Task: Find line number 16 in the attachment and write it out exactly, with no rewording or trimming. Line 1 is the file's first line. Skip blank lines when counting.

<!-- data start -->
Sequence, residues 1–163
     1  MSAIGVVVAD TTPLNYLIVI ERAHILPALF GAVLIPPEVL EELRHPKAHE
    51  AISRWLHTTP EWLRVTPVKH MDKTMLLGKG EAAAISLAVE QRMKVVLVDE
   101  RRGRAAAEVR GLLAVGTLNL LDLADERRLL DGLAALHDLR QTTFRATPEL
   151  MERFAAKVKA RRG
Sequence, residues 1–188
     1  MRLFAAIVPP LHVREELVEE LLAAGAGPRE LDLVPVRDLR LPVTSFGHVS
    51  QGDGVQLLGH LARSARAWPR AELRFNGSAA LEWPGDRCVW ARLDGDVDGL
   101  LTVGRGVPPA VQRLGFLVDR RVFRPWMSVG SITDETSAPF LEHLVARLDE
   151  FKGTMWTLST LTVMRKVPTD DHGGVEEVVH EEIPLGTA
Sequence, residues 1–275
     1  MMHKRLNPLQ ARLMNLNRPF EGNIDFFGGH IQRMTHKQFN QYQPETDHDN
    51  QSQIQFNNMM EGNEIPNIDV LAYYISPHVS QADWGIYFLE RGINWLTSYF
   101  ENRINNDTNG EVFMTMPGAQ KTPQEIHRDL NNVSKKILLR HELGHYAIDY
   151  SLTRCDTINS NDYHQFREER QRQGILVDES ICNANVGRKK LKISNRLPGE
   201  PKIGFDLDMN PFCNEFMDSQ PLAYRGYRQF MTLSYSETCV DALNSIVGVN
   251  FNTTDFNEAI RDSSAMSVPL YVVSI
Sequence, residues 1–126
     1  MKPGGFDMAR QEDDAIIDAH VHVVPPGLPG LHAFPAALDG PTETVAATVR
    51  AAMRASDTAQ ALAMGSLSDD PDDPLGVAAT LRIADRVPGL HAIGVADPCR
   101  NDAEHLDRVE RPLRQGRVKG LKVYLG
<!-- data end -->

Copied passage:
   201  PKIGFDLDMN PFCNEFMDSQ PLAYRGYRQF MTLSYSETCV DALNSIVGVN